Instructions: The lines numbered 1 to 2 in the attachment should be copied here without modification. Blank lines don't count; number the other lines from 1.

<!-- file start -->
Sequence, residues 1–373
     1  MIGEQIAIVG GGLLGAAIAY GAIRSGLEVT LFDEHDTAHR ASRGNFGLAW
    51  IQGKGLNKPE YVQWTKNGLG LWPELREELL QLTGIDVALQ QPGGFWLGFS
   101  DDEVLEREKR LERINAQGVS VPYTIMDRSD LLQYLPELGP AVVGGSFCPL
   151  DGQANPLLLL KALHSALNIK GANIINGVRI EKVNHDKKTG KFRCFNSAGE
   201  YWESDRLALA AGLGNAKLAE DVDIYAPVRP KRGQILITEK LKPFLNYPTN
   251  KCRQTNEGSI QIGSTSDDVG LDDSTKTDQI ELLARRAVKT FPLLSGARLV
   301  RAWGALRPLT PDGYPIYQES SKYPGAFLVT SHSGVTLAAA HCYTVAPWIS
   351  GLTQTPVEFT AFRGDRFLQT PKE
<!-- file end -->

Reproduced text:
Sequence, residues 1–373
     1  MIGEQIAIVG GGLLGAAIAY GAIRSGLEVT LFDEHDTAHR ASRGNFGLAW